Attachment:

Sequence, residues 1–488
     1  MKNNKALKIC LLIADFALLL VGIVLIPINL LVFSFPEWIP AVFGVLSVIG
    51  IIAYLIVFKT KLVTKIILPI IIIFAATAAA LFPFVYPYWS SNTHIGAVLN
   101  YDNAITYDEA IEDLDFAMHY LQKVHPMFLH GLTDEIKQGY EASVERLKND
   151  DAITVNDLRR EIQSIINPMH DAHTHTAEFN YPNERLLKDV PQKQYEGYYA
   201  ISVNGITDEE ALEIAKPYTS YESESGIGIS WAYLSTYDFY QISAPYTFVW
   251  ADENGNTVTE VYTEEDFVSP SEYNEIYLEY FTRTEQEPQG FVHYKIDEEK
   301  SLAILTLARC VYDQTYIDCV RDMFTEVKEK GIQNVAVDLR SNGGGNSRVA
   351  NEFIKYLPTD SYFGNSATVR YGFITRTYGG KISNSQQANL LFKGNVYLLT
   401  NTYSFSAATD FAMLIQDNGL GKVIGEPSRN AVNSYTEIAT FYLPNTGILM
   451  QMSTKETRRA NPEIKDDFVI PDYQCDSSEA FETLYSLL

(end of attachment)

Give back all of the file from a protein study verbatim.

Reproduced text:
Sequence, residues 1–488
     1  MKNNKALKIC LLIADFALLL VGIVLIPINL LVFSFPEWIP AVFGVLSVIG
    51  IIAYLIVFKT KLVTKIILPI IIIFAATAAA LFPFVYPYWS SNTHIGAVLN
   101  YDNAITYDEA IEDLDFAMHY LQKVHPMFLH GLTDEIKQGY EASVERLKND
   151  DAITVNDLRR EIQSIINPMH DAHTHTAEFN YPNERLLKDV PQKQYEGYYA
   201  ISVNGITDEE ALEIAKPYTS YESESGIGIS WAYLSTYDFY QISAPYTFVW
   251  ADENGNTVTE VYTEEDFVSP SEYNEIYLEY FTRTEQEPQG FVHYKIDEEK
   301  SLAILTLARC VYDQTYIDCV RDMFTEVKEK GIQNVAVDLR SNGGGNSRVA
   351  NEFIKYLPTD SYFGNSATVR YGFITRTYGG KISNSQQANL LFKGNVYLLT
   401  NTYSFSAATD FAMLIQDNGL GKVIGEPSRN AVNSYTEIAT FYLPNTGILM
   451  QMSTKETRRA NPEIKDDFVI PDYQCDSSEA FETLYSLL